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Hispanic or Latino?

What's the best way to describe your background?

By Edie J. Adler
Published on LatinoLA: June 15, 2006


Hispanic or Latino?


Can someone please tell me where ?Hispania? is? Apparently there is a mythical place where anyone who speaks Spanish comes from, no matter their country of origin or their ethnicity. If you speak Spanish, you then are automatically consider Hispanic.

I know there are plenty of folks who will call themselves Hispanic. But anyone who knows the true meaning of the word and its origins will find the term offensive. It is comparable to a black person calling him or herself by the ?n? word. The term Hispanic is very offensive not only to me, but to a large number of people who come from Latin America.

But have you ever wondered where did it all begin? It started shortly before the 1980 Census when a group of bureaucrats were trying to decide how to count all the different people living in the US whose first language was Spanish. Up until then they simply called us Mexican, Mexican-American or Chicano. But since not everyone who speaks Spanish comes from Mexico, they needed to come up with some sort of unifying term. Latino was the term of choice, until someone said that word sounded too much like ?Ladino?, and so the term Hispanic came to be the new ethnicity for anyone speaking the language of Cervantes or having a ?Spanish? sounding name such as Perez?never mind there are plenty of Pereses in Israel.

Before the 1980 Census, if you looked up the word in a dictionary you would have found that it was used to describe any thing originating from Spain. In fact, when you learn history in any Latin American country, the period before Columbus is referred to as pre-Hispanic!

When I think of Hispanic the first thing that comes to my mind is the image of Hernan Cortez looting the so-called new continent, destroying its culture, raping the women, killing the men and enslaving the poor survivors; imposing on them not only his language, but his religion and way of life.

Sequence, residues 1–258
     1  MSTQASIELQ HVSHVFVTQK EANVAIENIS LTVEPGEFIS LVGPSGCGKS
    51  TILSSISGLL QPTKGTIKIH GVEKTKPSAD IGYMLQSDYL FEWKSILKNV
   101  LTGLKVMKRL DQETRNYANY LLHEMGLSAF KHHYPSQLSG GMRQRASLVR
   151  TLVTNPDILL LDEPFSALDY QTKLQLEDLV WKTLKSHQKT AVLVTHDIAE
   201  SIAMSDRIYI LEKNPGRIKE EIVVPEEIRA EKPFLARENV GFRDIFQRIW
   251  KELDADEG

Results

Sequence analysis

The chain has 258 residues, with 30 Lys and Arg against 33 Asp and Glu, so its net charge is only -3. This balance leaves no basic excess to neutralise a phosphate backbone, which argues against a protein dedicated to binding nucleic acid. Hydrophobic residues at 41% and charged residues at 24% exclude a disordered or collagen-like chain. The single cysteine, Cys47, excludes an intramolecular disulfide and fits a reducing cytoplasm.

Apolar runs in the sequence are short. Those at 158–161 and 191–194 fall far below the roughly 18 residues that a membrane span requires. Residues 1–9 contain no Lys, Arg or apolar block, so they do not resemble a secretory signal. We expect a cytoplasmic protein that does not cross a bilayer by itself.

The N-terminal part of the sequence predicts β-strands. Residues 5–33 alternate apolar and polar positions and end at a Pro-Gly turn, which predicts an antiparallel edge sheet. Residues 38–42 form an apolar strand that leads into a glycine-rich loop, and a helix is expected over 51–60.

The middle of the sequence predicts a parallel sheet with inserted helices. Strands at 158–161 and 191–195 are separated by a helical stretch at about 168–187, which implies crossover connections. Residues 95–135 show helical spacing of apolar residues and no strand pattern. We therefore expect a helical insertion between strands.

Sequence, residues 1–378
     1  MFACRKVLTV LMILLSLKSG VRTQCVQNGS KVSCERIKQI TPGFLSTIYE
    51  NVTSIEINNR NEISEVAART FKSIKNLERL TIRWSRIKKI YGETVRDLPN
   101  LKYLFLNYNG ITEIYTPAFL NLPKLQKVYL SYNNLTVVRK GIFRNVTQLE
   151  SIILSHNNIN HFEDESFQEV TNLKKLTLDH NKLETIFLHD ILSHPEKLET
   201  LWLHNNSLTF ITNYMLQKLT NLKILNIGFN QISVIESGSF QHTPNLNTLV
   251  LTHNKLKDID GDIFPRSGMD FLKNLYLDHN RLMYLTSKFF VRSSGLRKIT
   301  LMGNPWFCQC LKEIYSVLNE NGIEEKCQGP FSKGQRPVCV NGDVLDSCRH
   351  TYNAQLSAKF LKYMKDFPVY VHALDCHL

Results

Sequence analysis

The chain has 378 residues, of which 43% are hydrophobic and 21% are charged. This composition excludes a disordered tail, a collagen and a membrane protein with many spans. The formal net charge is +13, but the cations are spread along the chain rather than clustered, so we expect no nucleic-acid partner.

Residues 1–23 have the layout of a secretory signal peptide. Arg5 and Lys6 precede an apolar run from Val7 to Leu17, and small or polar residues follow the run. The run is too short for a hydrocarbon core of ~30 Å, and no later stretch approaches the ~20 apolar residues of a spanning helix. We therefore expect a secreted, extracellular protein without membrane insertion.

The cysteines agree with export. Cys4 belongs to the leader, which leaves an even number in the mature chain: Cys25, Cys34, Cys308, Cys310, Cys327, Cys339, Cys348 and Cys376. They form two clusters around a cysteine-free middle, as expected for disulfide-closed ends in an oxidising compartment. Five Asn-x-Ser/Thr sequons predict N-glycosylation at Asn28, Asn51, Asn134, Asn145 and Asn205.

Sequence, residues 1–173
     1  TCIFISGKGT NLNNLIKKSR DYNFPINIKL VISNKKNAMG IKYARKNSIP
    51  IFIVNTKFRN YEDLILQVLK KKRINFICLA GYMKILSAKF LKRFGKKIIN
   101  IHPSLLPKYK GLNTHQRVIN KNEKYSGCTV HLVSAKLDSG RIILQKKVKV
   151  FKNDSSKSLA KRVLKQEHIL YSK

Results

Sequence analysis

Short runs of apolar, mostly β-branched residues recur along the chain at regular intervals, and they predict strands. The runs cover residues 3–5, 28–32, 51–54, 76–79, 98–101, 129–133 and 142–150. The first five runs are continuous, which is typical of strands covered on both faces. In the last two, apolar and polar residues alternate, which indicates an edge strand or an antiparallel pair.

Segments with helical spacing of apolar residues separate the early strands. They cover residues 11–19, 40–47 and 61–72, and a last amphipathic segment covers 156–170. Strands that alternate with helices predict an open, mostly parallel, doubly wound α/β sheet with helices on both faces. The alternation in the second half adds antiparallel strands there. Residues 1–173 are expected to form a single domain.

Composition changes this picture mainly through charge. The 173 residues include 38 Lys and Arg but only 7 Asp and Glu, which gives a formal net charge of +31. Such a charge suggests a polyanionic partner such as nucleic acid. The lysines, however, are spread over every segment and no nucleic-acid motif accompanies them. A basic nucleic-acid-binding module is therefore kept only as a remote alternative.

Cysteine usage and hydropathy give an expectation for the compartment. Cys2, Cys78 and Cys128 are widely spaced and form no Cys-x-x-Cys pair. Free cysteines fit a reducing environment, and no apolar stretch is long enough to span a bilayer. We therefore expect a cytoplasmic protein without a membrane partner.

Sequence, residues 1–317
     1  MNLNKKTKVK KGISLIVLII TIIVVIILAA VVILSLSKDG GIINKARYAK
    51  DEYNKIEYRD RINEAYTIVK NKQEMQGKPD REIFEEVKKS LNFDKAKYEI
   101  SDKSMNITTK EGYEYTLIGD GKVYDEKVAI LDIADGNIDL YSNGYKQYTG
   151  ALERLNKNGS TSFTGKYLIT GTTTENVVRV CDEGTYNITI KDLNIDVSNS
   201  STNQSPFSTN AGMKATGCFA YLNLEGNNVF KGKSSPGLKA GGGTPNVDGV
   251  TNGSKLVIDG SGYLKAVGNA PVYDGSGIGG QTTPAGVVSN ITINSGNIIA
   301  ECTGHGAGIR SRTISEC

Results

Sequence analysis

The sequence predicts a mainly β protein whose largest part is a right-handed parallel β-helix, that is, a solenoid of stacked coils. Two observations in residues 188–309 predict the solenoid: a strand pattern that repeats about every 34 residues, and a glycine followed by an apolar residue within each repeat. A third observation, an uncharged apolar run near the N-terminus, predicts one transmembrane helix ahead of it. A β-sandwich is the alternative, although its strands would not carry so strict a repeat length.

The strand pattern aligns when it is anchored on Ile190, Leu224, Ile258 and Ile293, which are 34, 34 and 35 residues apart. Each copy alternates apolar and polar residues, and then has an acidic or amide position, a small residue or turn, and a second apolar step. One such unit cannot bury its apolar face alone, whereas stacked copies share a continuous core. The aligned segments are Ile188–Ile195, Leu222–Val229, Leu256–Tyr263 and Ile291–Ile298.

I also think of Isabella and Ferdinand kicking all the Jews out of Spain. Why would I be proud to be identified with such shameful ancestry?

When I have to fill out any form that asks for my ethnic background, I will typically check ?white?. If there is a space for ?other?, then I?ll write down that I am human. In the last Census I was one of the handful who checked every single category, except for Hispanic.
This is truly a word that sounds like nails on a blackboard to me! I am proud to be called American; I am proud to be called Mexican; I am particularly proud when someone refers of me as a Jew. But unless you never want to be invited to my house, or, depending on the time of the month, risking getting a black eye, please do not ever call me Hispanic.

I am not Hispanic because my ancestors came from Lithuania, not Spain. They arrived in Mexico in the late 1800?s in search of the possibility of finding a better life for their children, not to steal or impose their way of life or culture on the native people. I am not Hispanic because there is not a single drop of Spanish blood in my veins. I am not Hispanic simply because I happen to speak Spanish.

Consider this: by the same logic used to describe Spanish speaking people as Hispanics, we should then label anyone who speaks English ?Germanic?. After all, isn?t that the origin of their language and a good common denominator to box everyone in the same ethnic category?

You?ve also heard us referred to as ?Latinos?. Well, by definition, anyone who speaks a language derived from Latin is, well, Latin. This includes France, Spain, Portugal, Italy and of course Latin America.

Although I do not like labels, I find the term Latino much more acceptable. At least the true definition of the word Latina, the feminine form, means that my first language is Spanish, a language derived from Latin.

Latino has a melodic sound to it. It brings to mind upbeat music, and friendly, easy-going, fun people. Latino evokes passion, spice, and a joy of life that is contagious. Latino is a broader, more inclusive term that applies better to those of us who speak Spanish, but whose ancestors did not come from Spain.


About Edie J. Adler:
Edie J. Adler is writer, comedian, and a regular contributor to LatinoLA. She lives in the San Fernando Valley with her husband, four parrots, four cats, and three dogs.




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